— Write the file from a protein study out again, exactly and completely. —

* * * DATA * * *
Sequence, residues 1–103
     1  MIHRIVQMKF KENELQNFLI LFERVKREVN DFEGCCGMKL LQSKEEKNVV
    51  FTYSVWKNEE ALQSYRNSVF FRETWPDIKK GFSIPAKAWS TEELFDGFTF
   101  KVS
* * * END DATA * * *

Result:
Sequence, residues 1–103
     1  MIHRIVQMKF KENELQNFLI LFERVKREVN DFEGCCGMKL LQSKEEKNVV
    51  FTYSVWKNEE ALQSYRNSVF FRETWPDIKK GFSIPAKAWS TEELFDGFTF
   101  KVS